Q: Sara Coppola: Paige, you’re embarking on a new important and insightful project: the “Wine & Climate Change” Documentary; a project that stems from your great interest and involvement in environmental causes and your previous research on issues concerning global agricultural security.
When did you first start to get involved with environmental projects and how?
A: Paige Donner: My enthusiasm for protecting the environment stems from having grown up on a Pacific Island and in California, alternatively. My brother and I would spend part of the year with my father in California where we would camp, hike, go on vineyard treks in Napa and Santa Barbara where my grandmother lived…and then with my mother in Guam and Hawai’i where we were raised like earth-bound dolphins – when we weren’t SCUBA diving we were surfing or swimming or water-skiing.
Also, I was homeschooled from grades 6-9 so I was able to pursue tailored coursework about the environment and natural landscapes that might not have been available to kids learning from regular school curriculum at that time in the mid-70s.
Then, early on in my career as a journalist, I worked with a morning news producer at KTVU-Oakland. She allowed me to develop and pitch a series of 2-minute segments that we called “Earth News.” It never really got off the ground, but it was good training. That was the early 90s. It wasn’t until the digital revolution that I was free to report on environmental issues as I wished. So in the 2000s I began writing a column called Greening Hollywood, which married my years spent as an entertainment reporter with my passion for environmental issues.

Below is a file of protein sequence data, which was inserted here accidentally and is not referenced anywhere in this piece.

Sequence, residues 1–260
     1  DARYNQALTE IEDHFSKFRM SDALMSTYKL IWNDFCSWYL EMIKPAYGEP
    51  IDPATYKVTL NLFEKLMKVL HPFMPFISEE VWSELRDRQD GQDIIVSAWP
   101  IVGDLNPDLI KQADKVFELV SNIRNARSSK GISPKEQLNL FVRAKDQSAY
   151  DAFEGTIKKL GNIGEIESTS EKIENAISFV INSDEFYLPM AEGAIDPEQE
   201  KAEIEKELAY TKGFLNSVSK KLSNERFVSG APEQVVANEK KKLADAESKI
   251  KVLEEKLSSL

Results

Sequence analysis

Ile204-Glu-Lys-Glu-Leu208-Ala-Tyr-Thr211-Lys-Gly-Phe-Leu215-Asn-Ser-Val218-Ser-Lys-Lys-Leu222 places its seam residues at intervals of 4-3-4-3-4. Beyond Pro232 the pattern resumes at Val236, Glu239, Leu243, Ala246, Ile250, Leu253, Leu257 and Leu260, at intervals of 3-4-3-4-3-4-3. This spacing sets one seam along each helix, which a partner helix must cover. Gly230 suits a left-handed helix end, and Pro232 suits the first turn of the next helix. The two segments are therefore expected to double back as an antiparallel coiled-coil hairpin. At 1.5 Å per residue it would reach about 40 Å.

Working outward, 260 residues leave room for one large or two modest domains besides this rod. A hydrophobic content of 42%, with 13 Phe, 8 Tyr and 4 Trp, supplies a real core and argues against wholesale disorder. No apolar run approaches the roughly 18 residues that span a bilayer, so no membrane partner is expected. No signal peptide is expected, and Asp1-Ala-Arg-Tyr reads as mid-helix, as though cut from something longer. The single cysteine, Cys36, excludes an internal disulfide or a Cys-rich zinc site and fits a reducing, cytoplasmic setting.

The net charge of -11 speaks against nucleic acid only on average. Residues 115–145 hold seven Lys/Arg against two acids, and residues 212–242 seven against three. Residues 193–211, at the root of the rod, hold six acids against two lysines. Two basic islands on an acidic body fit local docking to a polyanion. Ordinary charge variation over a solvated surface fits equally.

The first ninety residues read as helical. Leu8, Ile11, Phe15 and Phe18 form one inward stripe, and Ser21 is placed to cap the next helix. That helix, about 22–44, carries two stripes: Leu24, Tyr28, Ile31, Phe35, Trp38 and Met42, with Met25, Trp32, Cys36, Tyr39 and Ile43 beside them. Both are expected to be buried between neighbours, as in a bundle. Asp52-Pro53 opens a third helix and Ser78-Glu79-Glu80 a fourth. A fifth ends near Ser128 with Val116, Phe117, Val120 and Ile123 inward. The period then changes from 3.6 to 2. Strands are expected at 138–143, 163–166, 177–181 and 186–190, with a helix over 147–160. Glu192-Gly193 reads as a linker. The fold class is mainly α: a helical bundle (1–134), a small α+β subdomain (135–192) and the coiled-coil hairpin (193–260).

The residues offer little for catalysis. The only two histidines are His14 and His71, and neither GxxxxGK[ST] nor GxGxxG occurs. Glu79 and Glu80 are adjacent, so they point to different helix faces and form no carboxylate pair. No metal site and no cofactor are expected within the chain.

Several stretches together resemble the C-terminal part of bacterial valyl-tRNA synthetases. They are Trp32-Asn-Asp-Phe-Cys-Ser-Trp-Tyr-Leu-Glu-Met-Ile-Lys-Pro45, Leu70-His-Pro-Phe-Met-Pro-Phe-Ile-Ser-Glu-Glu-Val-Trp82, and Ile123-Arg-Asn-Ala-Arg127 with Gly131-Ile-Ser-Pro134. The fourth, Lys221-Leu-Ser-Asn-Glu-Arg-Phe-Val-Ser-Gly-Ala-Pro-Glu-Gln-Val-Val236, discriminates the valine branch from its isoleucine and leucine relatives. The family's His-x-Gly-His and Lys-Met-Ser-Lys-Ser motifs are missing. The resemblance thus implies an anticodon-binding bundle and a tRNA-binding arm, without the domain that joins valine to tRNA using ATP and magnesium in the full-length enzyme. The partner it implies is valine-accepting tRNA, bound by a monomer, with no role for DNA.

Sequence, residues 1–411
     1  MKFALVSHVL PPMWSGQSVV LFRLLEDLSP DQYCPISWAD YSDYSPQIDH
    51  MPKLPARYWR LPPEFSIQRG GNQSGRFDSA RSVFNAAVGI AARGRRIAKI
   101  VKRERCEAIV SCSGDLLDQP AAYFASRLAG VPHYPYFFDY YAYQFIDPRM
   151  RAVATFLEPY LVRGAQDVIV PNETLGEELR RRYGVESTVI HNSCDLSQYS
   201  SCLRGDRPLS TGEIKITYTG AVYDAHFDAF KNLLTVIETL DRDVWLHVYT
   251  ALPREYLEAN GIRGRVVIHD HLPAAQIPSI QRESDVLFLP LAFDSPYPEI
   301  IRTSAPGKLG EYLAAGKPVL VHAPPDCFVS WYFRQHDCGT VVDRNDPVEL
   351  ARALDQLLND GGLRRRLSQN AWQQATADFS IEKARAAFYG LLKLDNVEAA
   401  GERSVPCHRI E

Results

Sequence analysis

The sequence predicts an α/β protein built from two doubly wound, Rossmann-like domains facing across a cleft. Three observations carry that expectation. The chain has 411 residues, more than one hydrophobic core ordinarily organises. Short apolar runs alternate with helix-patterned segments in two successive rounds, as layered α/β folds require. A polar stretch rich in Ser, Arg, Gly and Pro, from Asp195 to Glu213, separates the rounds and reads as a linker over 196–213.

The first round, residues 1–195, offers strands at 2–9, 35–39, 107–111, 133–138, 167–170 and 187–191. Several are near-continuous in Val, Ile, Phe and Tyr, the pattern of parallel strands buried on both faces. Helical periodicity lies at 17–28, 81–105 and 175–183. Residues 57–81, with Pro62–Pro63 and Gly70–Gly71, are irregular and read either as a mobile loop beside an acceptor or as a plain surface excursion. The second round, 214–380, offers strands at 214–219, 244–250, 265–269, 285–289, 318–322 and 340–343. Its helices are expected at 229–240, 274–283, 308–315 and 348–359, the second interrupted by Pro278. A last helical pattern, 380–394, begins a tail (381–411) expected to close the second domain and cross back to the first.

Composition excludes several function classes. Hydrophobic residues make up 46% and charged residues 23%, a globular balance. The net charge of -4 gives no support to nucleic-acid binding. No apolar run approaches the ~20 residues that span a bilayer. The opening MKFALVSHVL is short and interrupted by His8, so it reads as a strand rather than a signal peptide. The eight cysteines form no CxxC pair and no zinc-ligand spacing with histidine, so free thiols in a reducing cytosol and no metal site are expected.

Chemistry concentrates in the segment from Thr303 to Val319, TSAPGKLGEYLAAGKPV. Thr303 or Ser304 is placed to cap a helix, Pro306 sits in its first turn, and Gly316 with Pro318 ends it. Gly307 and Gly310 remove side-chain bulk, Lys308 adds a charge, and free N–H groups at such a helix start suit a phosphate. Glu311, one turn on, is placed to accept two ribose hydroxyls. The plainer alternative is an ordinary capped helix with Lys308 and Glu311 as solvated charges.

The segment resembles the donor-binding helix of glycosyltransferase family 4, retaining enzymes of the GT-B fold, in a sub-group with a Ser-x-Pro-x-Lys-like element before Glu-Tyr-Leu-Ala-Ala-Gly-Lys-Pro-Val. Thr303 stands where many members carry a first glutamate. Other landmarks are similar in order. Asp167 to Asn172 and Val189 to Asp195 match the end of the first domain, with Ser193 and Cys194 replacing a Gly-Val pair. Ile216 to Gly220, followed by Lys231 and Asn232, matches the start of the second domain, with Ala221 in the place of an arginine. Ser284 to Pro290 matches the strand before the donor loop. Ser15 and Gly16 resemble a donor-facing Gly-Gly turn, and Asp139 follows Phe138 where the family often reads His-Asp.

Q: Sara Coppola: How was the idea of this project born?
A: Paige Donner : I feel I am most naturally expressive as a filmmaker. Since journalism is my professional background and the career I have pursued for 20 years now, a documentary about this compelling subject matter makes perfect sense.
This project in particular is based on the article assignment I did for the International Herald Tribune (the global edition of the N.Y. Times) which published in November 2011. I pitched an article about this subject to my assigning editor at IHT and he helped me to refine the angle and the approach. This documentary builds upon that one-page article and allows greater in-depth analyses and examination of Wine And Climate Change as well as allowing for the incorporation of up-to-date and newly released climate science reports.